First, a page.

It is easy to take care of sedum. You can use any form of succulent mix, well-drained soil. Make sure to have a drainage hole to keep your plant healthy. Most sedum enjoys full sun or partial sun. In winter, do not water your sedums regularly to prevent winter rot. For succulents in general, underwatering is much better than overwatering.
Boxwood is a perfect winter plant in pots. Thriving all the year, through harsh winter and hot summer, hardly in need of any maintenance, a pot of nicely pruned boxwood shrub is a living sculpture that can bring year-round color to your house.
You need to pay extra caution when choosing a pot for your boxwood. The pot should be large and high and have a good drainage hole. Boxwood does not like to sit in wet roots. Other than that, taking care of boxwood is easy. Water your boxwood moderately through the year and reduce the water in winter. You can add some wood chips and leaves to the soil in winter to keep your plant warm.
9. ZZ plant
Easy to take care of, stylish, extremely cold tolerant, zz plant is the safest plant to grow in pots in winter. Its oval-shaped, glossy, deep green can work as a décor for your house.
ZZ plant is suitable for any busy owner because you don’t need to take care of it at all. Watering it once a month in winter is enough to make it happy. ZZ plant loves low, or medium-light so you can place it everywhere in your house. Fertilize it once a year with worm compost and you can enjoy its shiny foliage for the whole year.
10. Jade plant
Jade plant is succulent with its thick stem and oval-shaped leaves. In late winter, it produces white, mildly fragrant flowers. Tiny, about 3-6 inches tall, jade plant can be placed anywhere in your house – on table or bookshelf. Many people prefer placing them in their working corner as jade plant is regarded as the lucky plant.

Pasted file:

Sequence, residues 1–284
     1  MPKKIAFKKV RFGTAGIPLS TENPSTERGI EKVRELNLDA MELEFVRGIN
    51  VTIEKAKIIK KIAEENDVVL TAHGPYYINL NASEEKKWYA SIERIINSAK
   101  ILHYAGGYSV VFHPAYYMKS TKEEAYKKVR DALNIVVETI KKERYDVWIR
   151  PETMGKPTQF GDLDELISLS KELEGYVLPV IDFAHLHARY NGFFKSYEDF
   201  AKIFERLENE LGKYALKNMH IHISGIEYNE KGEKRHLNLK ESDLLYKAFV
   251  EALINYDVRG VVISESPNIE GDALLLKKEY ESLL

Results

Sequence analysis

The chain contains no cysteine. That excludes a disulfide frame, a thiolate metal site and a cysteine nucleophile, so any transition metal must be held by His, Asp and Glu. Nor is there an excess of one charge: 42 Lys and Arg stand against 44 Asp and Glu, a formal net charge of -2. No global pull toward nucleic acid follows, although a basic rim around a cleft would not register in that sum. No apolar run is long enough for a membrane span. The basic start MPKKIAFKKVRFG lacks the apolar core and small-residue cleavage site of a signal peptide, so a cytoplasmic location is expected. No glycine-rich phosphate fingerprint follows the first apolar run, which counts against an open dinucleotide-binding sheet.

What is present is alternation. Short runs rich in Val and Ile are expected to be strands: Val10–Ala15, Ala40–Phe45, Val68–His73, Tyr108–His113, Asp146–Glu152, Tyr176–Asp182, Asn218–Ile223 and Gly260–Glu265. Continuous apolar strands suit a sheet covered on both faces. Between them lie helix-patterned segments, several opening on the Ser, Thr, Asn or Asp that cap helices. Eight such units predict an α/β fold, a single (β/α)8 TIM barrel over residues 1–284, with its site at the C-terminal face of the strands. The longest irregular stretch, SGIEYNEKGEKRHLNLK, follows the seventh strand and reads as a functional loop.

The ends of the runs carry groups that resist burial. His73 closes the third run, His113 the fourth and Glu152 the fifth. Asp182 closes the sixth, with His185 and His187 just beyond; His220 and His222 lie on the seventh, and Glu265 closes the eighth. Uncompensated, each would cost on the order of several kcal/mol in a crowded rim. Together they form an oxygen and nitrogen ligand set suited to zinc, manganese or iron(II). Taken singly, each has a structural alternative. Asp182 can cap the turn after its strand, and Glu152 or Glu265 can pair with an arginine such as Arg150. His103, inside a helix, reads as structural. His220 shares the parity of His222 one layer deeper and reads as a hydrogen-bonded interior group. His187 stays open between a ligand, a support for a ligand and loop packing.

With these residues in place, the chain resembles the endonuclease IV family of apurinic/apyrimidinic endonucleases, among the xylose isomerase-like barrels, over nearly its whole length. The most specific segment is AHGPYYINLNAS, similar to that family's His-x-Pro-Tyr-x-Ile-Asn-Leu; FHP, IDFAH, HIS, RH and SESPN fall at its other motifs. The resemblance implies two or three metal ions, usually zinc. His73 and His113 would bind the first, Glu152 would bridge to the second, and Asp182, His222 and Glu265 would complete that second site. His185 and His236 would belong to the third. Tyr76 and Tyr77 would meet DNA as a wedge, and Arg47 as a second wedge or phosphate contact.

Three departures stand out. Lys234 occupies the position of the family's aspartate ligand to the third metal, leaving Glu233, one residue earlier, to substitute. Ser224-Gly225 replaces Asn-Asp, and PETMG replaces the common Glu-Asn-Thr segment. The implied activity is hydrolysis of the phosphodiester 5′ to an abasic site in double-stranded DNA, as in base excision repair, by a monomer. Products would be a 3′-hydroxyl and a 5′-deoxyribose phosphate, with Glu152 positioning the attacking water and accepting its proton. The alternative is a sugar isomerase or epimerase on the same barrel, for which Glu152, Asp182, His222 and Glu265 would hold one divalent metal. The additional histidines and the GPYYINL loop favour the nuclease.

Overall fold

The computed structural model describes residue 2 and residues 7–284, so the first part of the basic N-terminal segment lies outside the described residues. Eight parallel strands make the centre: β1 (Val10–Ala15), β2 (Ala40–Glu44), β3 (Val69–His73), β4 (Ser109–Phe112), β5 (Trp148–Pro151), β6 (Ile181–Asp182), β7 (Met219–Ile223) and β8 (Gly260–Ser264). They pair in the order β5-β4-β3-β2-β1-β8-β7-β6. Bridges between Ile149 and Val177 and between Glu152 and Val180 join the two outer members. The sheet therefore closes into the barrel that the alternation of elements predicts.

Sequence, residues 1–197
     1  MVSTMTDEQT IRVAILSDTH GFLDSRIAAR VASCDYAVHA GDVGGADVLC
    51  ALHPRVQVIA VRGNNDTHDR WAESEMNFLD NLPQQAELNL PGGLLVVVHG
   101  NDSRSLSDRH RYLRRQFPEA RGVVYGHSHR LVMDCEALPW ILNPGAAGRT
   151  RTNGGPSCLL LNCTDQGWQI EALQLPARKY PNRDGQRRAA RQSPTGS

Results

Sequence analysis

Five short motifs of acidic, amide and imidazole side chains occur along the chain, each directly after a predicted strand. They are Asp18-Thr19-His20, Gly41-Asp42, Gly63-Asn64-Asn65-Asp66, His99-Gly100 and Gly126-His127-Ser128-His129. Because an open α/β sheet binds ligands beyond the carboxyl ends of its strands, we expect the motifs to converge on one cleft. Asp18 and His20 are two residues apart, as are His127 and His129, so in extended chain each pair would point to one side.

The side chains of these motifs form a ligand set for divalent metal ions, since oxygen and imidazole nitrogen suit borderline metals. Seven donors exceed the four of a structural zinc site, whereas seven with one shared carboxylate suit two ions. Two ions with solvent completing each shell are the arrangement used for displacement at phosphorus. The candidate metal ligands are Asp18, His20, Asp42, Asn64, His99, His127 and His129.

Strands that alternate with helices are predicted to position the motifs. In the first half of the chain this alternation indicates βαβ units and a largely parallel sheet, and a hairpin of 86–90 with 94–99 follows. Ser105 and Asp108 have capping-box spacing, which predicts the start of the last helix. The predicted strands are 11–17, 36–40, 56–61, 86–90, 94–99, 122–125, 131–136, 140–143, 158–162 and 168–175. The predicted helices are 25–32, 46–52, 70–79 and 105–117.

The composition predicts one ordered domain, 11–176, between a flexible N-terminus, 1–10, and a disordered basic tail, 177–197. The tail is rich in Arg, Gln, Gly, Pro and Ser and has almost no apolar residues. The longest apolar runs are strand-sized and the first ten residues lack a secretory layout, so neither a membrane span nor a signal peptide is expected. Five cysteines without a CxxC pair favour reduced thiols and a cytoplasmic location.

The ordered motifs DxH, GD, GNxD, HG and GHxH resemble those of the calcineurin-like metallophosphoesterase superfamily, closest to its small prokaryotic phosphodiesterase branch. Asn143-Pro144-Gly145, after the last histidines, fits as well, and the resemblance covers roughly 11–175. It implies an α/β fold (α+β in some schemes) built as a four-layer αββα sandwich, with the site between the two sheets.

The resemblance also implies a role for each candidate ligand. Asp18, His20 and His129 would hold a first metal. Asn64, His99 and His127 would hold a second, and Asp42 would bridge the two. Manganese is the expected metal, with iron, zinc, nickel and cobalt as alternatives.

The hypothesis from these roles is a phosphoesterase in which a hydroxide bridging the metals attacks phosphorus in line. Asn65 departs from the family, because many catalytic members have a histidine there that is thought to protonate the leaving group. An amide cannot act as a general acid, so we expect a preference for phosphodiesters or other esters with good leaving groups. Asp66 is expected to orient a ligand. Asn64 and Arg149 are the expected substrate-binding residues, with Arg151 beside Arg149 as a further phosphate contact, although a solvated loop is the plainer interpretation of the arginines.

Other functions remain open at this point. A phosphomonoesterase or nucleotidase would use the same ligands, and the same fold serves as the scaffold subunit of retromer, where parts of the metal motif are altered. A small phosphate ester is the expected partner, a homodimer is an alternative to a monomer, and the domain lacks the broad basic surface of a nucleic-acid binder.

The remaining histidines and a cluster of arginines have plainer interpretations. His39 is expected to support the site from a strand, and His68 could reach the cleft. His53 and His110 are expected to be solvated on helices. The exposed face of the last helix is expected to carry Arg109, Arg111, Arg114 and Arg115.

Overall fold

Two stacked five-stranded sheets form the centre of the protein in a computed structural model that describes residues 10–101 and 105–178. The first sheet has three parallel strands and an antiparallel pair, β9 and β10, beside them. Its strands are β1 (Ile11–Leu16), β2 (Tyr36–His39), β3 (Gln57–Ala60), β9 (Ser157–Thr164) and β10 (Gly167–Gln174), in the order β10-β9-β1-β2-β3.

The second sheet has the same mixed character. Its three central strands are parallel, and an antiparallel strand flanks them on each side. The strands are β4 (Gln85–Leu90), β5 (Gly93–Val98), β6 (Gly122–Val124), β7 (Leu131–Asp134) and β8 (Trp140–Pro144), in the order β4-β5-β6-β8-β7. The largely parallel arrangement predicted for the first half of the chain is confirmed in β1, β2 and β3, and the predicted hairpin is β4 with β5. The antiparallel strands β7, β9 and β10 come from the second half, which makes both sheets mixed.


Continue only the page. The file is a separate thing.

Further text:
Jade plant is succulent; therefore, it enjoys well-draining soil. Do not water them too often. Overwatering can cause root rot and fungal disease. Jade plant is happy with indirect light so its foliage will not get burned.
11. Lily of the Valley
Lily of the Valley exhibits delicate, bell-shaped, white flowers. The fragrance can easily fill up any room in the house. It is recommended to grow the plant in pots so that you can bring the pleasing smell everywhere you want and control the spread of the rhizomes. Despite its tiny, fragile appearance, this plant makes it to the list for being cold-hardy, and versatile.
Like boxwood, the most important step is to choose a suitable pot for your plant. A pot whose depth is greater than its width is the best for Lily. Place your pots under indirect sunlight. Water in the morning. You should place your garden hose directly to the ground to avoid wetting the leaves. Remember to remove the flower stalks when the flowers become dry and the petals fall off.
12. Japanese Skimmia
Japanese Skimmia is a coldy-hardy evergreen that offers year-round glossy foliage, clusters of star-shaped, pink-tinted flowers in summer, and decorative red buds or berries in winter. Both blooms and leaves produce a pleasant fragrance.
Japanese Skimmia is a shade-loving plant. It easily thrives in partial shade and full shade, preferably morning and dappled afternoon sunlight. Well-drained, slightly acidic soil works best for skimmia. The soil should stay moist all the time so it is a must to water regularly and frequently.
We hope our list can help you decide what to get for the winter season. The next step is to choose high-quality, fashionable pots for your lovelies. Be sure to take a look at our fiberglass containers that are light and durable, suitable to move your plants around as you please.